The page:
fbpx

Meet Georgia

4th November, 2019

Surgery hope for silent Georgia after girl was born with a narrow windpipe

A baby’s raucous cry instantly raises stress levels in most new parents.

But Georgia Wood’s mum and dad are longing for the day they hear their daughter scream.

A tracheostomy in the 13-month-old’s throat, a surgical opening in her windpipe, is allowing her to breathe.

Aside from a rasp, the tracheostomy has silenced Georgia. She has never let out a howl, cry, giggle or babble.

“You have to tell from her facial expressions if she is happy or sad,” said dad Greg.

“Given everything she has been through, she’s a good-tempered baby, so when she’s upset there is a reason for it.”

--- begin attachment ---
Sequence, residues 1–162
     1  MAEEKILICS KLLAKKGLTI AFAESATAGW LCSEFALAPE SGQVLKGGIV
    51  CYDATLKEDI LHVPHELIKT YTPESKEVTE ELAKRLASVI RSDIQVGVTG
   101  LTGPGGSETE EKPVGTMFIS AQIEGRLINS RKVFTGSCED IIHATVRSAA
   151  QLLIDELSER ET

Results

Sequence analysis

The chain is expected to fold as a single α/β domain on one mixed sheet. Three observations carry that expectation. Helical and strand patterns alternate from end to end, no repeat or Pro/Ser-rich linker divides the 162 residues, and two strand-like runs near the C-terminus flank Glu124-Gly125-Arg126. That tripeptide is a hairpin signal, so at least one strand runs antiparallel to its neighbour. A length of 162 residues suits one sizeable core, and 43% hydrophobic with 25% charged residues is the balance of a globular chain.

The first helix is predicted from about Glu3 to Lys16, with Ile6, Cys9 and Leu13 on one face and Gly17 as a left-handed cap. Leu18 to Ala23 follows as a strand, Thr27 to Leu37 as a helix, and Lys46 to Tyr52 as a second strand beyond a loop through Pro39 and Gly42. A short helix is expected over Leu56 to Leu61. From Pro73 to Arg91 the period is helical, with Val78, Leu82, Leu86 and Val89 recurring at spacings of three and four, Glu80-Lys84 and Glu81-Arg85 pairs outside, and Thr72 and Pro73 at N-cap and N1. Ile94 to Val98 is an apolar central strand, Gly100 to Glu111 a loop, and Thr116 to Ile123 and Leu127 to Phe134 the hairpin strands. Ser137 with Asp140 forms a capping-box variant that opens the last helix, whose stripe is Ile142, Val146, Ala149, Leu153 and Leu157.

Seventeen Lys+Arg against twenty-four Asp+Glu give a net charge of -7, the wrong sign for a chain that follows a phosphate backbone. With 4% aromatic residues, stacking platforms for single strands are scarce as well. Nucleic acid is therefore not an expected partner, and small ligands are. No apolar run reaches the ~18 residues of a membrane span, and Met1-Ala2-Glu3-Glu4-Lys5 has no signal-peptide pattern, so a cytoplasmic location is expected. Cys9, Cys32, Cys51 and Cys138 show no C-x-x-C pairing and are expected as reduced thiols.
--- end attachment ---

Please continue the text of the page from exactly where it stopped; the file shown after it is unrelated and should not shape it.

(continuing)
Georgia was born at 25 weeks and three days gestation. Her windpipe was too narrow.

Georgia with her mum Ivy and dad Greg

Georgia with her parents Ivy and Greg

She was taken to the Royal Children’s Hospital aged six weeks for surgery to widen her trachea. But Georgia was too little, and she was instead given a tracheostomy.

After six months in hospital, Mr Wood and wife Ivy Wang took Georgia home with a ventilation machine.

Later this year, RCH surgeons will aim to rebuild Georgia’s windpipe.

Ms Wang is already letting herself daydream about the silence breaking.

“All the moments other parents dread — their children crying and teenagers answering back and being grumpy — I cannot wait for this,” Ms Wang said.

“After everything she has been through I look forward to hearing her use her voice.”

Originally published in the Herald Sun, April 15, 2019

Words: Brigid O’Connell

Images: Jay Town

To read the original story, visit the Herald Sun website.

Fundraise with us

Help make a difference by supporting the kids at The Royal Children's Hospital